The Head of the Snake: Backcountry Ballad in ‘E’

Superstitious, sentimental, stupid: put these together and that’s me going back into the mountains to get in shape again. So my first outing had to be perfect and auspicious and just how it used to be five years ago, when I was five years younger.

I got tinnitus from the last Sonic Youth album, hitting it too hard with the earbuds in the angry pre-dawn hours. I wanted to be that guy you come upon who’s just getting off the mountain when the sun is coming up, climbing alone in the dark for hours, doesn’t say a word when you pass him.

I didn’t like people getting ahead of me and didn’t like the sense they were gaining on me, below. I learned to drink water and breathe at the same time. I got good at snot rockets and sliding my ax in and out of the small of my back like a weapon, like a fucking Orc chieftain.

And so I set out with our well-behaved dog Ginger, the only car at the trailhead. But as I did, a pick-up arrived and just then a metal clanking began and continued the entire way up the valley, a clanking that poked my brain in wonder of how or why, and regret I left my earbuds behind, how it could almost be music at times but more likely, work.

It’s a trail I didn’t think I had been on before because I’ve started to lose track, either through all the stuff I’ve had to remember or all the effort I put in to forgetting, I wasn’t sure. But then I came upon a section and knew I had been here before with a girl from the late 90s.

I started to say we dated but that’s not true, and to say I courted her is also bad diction. She was in much better shape and I let her go ahead of me on the trail because I liked the look of her from the back, and she liked to lead.

She ate yams for meals: just a yam tossed in the microwave, eaten with a kitchen towel standing up. She had a famous climber boyfriend she talked about who she could only tolerate when he was high, it seemed to soften his ego. She encouraged him to get more, started to source it for him.

After we stopped seeing each other I went to see the famous boyfriend give a talk about climbing at a local bookstore. I stood in the front and watched him and thought about dropping crude remarks that would make him wonder how I knew what I knew.

The clanking dulled as I got higher and the morning sun hit the tops of the trees, and it was like a scene shifting as the clanking grew more distant now, the sound of metal and military campaigns, creaking wheels, armies the size of ants seen from the vantage of the Orc chieftain, the head of the snake.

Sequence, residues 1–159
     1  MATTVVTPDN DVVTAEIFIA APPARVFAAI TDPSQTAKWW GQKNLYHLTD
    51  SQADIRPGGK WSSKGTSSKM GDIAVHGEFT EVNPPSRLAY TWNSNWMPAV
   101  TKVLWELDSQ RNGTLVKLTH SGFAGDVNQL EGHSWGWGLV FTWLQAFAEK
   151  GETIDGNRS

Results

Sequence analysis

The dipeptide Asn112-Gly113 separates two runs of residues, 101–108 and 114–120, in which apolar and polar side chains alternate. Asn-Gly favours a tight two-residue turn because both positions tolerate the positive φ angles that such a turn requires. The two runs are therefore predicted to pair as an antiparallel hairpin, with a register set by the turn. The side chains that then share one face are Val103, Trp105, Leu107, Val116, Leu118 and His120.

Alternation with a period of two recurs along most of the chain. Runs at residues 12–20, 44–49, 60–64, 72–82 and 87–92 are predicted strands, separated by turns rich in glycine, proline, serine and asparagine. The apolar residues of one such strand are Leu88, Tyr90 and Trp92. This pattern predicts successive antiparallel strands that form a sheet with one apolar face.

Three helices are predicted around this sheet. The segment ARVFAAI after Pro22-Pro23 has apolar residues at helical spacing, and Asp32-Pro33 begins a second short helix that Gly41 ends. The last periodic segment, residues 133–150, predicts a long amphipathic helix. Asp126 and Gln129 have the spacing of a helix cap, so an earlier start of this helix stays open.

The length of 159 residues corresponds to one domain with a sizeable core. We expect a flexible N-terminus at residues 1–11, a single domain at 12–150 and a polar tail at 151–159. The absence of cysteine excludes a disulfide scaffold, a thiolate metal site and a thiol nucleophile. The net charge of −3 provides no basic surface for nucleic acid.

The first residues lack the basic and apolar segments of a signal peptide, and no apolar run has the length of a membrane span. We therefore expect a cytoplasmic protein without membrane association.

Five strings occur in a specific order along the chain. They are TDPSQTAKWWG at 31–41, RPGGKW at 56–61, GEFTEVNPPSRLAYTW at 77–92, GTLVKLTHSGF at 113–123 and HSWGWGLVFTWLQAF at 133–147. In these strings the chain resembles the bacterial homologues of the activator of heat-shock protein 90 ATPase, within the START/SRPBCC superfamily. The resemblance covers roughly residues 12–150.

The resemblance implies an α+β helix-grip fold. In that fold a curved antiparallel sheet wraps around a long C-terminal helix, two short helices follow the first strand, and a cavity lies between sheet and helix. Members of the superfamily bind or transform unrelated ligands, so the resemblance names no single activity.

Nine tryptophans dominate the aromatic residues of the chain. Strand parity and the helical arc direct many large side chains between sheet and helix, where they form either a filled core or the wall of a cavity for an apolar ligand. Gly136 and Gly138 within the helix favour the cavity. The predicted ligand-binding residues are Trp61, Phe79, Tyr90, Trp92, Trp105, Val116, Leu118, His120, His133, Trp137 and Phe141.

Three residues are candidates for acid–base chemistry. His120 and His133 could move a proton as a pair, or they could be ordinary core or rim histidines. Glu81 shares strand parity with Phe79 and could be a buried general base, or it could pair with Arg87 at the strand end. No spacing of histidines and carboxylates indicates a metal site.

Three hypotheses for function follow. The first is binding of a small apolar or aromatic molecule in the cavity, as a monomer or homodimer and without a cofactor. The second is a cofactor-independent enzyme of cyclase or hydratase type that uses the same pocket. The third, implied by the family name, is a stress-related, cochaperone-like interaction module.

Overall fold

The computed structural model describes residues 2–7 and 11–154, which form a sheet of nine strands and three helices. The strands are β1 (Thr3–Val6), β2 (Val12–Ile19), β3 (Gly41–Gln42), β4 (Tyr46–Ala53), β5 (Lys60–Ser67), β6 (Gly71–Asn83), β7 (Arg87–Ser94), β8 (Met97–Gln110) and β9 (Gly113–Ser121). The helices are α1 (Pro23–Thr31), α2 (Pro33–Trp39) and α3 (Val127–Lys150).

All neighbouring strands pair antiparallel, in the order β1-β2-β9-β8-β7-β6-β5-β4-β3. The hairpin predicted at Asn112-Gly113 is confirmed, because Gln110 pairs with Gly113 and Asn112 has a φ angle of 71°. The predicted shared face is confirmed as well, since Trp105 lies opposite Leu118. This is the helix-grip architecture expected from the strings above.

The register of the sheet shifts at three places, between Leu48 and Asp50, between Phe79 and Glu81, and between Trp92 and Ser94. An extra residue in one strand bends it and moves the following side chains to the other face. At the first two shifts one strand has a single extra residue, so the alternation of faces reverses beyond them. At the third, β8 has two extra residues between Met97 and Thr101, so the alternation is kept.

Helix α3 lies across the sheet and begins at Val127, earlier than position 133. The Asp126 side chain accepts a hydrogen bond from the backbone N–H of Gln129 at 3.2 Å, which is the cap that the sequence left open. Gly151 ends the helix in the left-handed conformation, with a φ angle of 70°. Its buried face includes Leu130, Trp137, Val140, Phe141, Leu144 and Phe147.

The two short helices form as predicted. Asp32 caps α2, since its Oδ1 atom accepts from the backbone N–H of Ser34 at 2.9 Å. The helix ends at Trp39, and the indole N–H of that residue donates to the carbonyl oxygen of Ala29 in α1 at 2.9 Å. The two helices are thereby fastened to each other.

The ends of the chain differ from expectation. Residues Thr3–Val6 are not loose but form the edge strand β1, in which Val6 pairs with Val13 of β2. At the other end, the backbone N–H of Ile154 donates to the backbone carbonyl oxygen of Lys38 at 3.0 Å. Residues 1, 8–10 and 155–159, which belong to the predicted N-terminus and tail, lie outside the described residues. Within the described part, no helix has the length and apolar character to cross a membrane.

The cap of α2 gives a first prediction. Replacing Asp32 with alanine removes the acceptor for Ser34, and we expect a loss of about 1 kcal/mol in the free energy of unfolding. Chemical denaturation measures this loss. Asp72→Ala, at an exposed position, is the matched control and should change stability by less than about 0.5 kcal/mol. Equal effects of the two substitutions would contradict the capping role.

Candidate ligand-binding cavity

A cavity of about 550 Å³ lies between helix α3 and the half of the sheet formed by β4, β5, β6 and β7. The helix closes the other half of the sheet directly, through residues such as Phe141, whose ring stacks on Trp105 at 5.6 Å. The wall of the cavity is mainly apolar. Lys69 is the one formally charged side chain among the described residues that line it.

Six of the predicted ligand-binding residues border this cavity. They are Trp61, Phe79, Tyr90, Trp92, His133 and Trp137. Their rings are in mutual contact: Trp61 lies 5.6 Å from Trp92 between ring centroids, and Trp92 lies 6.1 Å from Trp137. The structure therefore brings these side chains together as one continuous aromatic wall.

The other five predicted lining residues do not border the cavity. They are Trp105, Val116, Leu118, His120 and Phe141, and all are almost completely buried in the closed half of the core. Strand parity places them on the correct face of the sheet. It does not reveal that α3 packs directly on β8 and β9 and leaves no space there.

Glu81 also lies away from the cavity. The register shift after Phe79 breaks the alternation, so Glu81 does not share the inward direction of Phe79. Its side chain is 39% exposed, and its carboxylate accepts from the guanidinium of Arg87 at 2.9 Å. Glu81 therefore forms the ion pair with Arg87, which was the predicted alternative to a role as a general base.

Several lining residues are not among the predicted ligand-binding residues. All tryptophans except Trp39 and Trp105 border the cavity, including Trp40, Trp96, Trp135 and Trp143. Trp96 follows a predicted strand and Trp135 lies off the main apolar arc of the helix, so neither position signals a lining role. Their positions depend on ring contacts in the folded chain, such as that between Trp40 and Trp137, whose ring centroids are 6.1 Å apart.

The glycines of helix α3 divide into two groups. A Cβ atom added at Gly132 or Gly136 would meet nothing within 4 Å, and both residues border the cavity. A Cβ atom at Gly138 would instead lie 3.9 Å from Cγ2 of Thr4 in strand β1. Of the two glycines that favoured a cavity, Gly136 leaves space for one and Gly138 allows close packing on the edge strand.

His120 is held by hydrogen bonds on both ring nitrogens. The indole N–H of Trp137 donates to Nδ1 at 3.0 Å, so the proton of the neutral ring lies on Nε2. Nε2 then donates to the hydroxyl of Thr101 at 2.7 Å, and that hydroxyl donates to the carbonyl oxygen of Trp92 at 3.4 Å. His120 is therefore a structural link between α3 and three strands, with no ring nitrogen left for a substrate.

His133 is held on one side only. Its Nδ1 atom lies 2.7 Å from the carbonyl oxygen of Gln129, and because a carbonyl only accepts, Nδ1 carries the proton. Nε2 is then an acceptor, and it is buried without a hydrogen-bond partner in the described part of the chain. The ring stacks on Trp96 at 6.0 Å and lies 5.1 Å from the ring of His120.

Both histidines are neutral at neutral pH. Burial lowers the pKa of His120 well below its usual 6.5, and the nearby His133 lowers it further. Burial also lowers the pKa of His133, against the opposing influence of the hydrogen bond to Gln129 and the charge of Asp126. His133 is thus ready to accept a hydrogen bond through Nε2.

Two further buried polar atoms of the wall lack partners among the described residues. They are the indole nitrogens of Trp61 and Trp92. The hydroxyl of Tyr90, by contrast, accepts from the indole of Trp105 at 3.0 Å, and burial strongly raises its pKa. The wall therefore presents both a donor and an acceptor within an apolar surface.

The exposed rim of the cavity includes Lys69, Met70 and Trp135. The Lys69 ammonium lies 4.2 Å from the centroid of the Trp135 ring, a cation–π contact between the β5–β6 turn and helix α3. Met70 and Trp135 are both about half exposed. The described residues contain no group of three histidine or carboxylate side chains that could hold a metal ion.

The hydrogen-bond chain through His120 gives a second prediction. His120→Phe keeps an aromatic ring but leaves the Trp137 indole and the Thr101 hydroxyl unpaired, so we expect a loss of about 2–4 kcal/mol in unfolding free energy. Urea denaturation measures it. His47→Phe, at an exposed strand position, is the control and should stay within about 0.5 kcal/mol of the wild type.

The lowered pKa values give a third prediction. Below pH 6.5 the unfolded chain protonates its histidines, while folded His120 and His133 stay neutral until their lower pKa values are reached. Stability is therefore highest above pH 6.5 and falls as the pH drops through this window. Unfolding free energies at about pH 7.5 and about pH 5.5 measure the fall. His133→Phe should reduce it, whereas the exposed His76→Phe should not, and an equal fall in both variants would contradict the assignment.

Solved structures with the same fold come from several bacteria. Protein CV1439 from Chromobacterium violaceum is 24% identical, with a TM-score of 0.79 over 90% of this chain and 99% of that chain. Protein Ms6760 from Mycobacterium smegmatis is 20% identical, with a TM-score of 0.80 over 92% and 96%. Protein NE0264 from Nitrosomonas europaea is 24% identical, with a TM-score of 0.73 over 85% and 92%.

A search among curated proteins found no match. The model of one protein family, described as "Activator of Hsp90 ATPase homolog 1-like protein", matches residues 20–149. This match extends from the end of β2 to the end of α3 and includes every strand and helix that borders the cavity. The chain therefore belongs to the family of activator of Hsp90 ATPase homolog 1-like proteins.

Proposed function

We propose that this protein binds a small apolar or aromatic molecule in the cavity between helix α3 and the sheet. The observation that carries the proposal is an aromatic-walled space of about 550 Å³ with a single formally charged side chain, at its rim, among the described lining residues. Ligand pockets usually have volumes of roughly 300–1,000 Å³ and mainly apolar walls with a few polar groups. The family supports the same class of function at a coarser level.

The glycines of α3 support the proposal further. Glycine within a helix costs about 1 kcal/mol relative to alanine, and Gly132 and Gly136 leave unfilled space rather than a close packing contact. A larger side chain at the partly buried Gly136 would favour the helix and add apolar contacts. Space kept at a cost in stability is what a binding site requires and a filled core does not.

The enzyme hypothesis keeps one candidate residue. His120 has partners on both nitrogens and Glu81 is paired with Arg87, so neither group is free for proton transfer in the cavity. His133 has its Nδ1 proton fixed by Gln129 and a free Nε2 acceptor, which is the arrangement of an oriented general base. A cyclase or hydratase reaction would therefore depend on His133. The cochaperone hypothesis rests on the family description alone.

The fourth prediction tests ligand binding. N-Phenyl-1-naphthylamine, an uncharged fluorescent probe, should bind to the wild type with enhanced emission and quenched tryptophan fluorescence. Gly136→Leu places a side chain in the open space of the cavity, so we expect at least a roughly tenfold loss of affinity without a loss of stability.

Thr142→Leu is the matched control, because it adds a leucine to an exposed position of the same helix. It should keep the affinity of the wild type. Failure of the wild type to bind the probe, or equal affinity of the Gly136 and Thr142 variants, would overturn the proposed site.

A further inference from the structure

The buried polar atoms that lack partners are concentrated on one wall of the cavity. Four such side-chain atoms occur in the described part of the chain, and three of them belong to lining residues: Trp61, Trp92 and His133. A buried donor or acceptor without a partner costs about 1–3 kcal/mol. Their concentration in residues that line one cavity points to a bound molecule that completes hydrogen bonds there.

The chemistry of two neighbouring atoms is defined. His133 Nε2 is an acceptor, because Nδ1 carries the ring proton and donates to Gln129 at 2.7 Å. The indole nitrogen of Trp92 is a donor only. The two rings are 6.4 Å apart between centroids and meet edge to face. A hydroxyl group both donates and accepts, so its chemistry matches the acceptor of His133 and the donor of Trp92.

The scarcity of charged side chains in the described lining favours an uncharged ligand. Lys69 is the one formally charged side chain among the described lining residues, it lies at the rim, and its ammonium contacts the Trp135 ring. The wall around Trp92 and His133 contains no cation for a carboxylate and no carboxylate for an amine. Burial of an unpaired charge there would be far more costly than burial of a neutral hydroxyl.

I found a stick of lip balm and opened it, compared the environmental impact of throwing it out to risking disease, and pocketed it. “Coconut Pear Hydrating Solution,” and another girl from the 90s, my boss at the college cafeteria, a Bengali, who used creams and lotions with soft scents. Cooking a stir-fry for her on our first date, the closest I could get to her culture from a culinary standpoint, then teaching her the western style of making out, heavy on the tongue, sticky college sofas.

The Orc chieftain has yellow eyes like a snake and grooves in his face, a blade for an arm, probably tinnitus. Ginger and I tag the top and descend, and the clanking resumes, and now I know it’s gone on too long it can’t be music. No one would play that long for free.

 

About pinklightsabre

William Pearse publishes memoir, travel journals, poetry and prose, and lives in the Pacific Northwest.
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8 Responses to The Head of the Snake: Backcountry Ballad in ‘E’

  1. Karen says:

    Can I tell you that I often get discouraged about my own writing after reading your posts because your writing is so terrific? It’s haunting and beautiful–

    I was just going back through the post–just about every sentence is intriguing and could stand on its own as the beginning of a short story (I realize this is memoir, but I may have told you that I read your blog for a long while unsure of what was truth and what was fiction). Anyway, I especially love the line “She ate yams for meals” because it’s perfect: revealing so much (and perhaps also so little) about the character/person.

    And also that bit about being unsure if you had hiked there before: “It’s a trail I didn’t think I had been on before because I’ve started to lose track, either through all the stuff I’ve had to remember or all the effort I put in to forgetting, I wasn’t sure.”

    Really wonderful stuff.

    Liked by 1 person

    • pinklightsabre says:

      Karen, thank you — but don’t be discouraged. I know what you are saying and feel similar when I read some writers, but don’t be discouraged please. I would hate to have that effect…as a hard-working writer you know it’s a funny thing and just takes time and practice, like anything else. I’m glad you liked this post and really appreciate hearing from you; thanks for taking the time and don’t over-think it, you know! Life is good, I wish you and yours the best of times with this new year, this day. Best, – Bill

      Like

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